Joe McGurk had 'Screen man Pat Joe McKenna with him and later added his brother Collie to the setup. It was a rush to get a team pulled together after the 1990 Hogan Cup final needed a replay for Maghera to see of St Jarlath's.

It took a goal from for a 'rusty' Derry to see off Down, 1-10 to 0-10, in the semi-final at the Athletic Grounds.

“That 1990 team was a heavily fancied team...more so than the following year, when there wasn't the same expectation” McEldowney states.

“Big Ollie (Collins), Brian McCormick and Hugh Mullan were among the older players, but at least half of the team were underage

the next year.”

In the final, Rory Stevenson blotted out Antrim dangerman PJ O'Mullan in a 4-11 to 1-8 victory.

Two Paddy McEldowney goals helped Derry out of the blocks. After hooking his marker, he pulled to the net midway through the first half. Collins also hit a brace of goals in a comfortable win.

McGonagle plucked a ball in the first five minutes only for an Antrim hurl to follow through and break his thumb.

When the adrenaline subsided after the game, the pain knocked him for six. McGonagle had to get it strapped up for the following Sunday, a two-point win in the Ulster minor football final at Clones.

On the hurling front, it was off to Croke Park to take on a Cork team that contained 1999 All-Ireland senior winning captain Mark Landers and Kevin Murray, who came on in the final.

The 1990 Derry minor team pictured before their All-Ireland semi-final defeat to Cork in Croke Park.

Only two points separated the teams at half-time, with a goal from Michael Collins boosting Derry’s confidence.

Goalkeeper Fergal McNally made a number of fine saves, with points from Collins (4), McCormick and Malachy McKenna keeping Derry ticking over at the other end.

The Oakleafers, who lost McGonagle to injury after the interval, were left to also rue a number of missed chances which might have left things more interesting in what was a 1-14 to 1-9 defeat, with Cork losing out to the Cats in the final, after a replay.


The 1991 chapter was one of commitment and talent, bound together by team spirit built by Stevenson's trips down the country.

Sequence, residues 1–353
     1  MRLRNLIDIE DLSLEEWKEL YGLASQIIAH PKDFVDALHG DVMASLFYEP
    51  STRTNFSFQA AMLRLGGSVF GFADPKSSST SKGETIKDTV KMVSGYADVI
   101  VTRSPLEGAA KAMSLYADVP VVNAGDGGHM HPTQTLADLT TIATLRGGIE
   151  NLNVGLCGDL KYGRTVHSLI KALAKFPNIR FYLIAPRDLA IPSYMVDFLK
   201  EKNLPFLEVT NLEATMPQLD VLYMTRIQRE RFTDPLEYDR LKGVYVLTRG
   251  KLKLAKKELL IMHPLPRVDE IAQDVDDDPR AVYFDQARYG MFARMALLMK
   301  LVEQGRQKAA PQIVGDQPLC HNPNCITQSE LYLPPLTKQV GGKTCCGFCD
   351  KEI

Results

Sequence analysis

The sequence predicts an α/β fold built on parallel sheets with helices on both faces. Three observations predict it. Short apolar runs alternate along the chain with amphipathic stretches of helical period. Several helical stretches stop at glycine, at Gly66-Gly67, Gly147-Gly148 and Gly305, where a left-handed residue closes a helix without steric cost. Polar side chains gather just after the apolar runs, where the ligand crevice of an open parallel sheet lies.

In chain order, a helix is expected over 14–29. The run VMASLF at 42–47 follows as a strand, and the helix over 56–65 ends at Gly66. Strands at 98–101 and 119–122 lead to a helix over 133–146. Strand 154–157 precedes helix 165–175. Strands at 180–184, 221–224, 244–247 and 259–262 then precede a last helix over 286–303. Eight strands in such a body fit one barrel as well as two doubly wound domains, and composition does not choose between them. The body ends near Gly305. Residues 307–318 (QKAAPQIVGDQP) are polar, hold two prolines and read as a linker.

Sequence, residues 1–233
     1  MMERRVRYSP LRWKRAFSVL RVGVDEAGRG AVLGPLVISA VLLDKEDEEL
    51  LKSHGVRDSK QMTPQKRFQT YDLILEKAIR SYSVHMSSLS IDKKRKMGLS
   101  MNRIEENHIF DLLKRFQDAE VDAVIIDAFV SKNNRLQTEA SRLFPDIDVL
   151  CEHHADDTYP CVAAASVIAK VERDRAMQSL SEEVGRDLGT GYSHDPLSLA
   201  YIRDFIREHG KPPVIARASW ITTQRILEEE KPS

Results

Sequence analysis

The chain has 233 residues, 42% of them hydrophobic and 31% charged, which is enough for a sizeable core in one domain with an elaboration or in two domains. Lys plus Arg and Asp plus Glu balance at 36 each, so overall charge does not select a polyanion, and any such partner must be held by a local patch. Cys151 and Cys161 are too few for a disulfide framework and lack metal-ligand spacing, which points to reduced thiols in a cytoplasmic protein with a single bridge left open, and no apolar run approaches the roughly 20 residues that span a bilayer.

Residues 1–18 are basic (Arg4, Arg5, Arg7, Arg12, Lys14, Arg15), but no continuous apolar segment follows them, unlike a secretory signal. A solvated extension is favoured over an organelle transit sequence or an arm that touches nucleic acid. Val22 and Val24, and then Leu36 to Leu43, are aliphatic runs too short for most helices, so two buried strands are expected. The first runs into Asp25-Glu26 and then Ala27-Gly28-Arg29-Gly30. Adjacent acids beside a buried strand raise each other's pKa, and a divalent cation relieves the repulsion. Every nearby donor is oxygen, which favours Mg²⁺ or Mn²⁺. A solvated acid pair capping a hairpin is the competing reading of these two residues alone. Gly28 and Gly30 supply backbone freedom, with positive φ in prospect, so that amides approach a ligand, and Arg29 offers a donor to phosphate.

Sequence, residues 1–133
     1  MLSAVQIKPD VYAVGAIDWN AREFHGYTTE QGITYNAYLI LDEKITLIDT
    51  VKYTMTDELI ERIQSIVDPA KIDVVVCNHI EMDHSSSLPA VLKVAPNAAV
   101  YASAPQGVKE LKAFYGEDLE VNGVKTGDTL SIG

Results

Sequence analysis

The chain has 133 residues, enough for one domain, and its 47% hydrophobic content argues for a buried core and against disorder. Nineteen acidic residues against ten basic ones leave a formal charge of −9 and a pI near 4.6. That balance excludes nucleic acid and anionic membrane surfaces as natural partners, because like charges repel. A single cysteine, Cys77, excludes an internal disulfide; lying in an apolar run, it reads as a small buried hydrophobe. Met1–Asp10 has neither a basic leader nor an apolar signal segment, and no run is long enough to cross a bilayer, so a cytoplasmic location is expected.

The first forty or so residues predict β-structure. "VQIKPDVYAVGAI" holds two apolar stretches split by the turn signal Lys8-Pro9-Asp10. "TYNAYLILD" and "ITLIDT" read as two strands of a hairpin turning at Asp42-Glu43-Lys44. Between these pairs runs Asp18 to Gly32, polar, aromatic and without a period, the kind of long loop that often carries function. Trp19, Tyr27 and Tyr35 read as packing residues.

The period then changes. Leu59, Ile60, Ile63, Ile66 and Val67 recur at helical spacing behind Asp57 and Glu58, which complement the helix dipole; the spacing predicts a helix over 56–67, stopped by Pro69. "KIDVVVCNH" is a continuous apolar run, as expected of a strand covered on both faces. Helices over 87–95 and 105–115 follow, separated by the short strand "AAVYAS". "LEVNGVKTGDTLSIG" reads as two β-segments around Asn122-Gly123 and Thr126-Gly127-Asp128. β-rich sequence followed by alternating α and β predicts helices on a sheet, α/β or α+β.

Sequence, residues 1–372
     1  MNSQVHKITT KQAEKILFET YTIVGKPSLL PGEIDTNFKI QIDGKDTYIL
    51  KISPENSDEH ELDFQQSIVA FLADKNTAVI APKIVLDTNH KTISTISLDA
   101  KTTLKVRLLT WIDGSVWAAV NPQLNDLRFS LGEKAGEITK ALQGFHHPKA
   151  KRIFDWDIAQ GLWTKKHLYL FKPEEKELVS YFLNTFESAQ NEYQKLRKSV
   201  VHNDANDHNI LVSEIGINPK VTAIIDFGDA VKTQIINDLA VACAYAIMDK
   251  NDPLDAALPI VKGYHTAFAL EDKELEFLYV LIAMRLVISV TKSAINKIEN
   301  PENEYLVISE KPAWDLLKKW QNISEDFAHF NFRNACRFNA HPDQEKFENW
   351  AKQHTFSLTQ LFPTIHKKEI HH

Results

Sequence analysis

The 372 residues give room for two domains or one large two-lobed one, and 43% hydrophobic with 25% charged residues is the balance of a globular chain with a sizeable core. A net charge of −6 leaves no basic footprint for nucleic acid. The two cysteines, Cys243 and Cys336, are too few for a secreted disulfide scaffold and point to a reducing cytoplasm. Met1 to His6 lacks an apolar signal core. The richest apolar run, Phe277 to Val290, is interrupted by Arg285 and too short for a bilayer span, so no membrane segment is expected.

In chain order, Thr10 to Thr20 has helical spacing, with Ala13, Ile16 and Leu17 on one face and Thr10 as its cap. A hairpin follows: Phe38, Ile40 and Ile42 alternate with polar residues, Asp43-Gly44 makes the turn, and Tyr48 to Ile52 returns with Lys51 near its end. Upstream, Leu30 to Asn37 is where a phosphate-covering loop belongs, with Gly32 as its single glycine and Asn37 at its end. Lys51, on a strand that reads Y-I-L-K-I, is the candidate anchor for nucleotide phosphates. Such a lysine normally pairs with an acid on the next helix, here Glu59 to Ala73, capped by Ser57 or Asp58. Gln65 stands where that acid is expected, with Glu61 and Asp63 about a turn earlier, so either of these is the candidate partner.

With the bad blood between Lavey and 'Screen buried, the training sessions – mainly at Glen and Slaughtneil – began to sharpen the skills. Paddy McEldowney, now the captain, remembers how Stevenson didn't even focus on Down or Antrim. It was all about getting ready for Croke Park.

It was about developing a quick, direct game. The focus was a system of play to stop 'the better teams' settling while Derry set about getting the ball to the inside forwards as quickly as possible.

“Damper was probably taking a chance we'd get to Croke Park and he was building for that,” McEldowney felt.

“The training he set up was really intense,” McGonagle adds.

When Stevenson's son Rory told him of the players' own decision to abstain from drink, it told him of the player-led desire to succeed.

“Some of them were lads of 18 years of age and they'd be taking drink,” Peter remarks. “I was more concerned in coaching and getting them ready for matches. These lads took it upon themselves, very dedicated and committed...that sticks out for me.”

Geoffrey speaks of the talent in the team, while McEldowney emphasised how enjoyable the season was.

“We won (Ulster) the year before and did well in the All-Ireland semi-final, but the second (1991) team was different, it was something else. It was a crazy enough gang and there were some headers on it,” McEldowney states.

He struggled to put his finger on the exact ingredient, but it was a special group. Later, it would grow into an Ulster U21 title in 1993 and later the All-Ireland B winning team. After picking up the 1997 U21 champions on their way, it fed into Derry's back to back senior titles.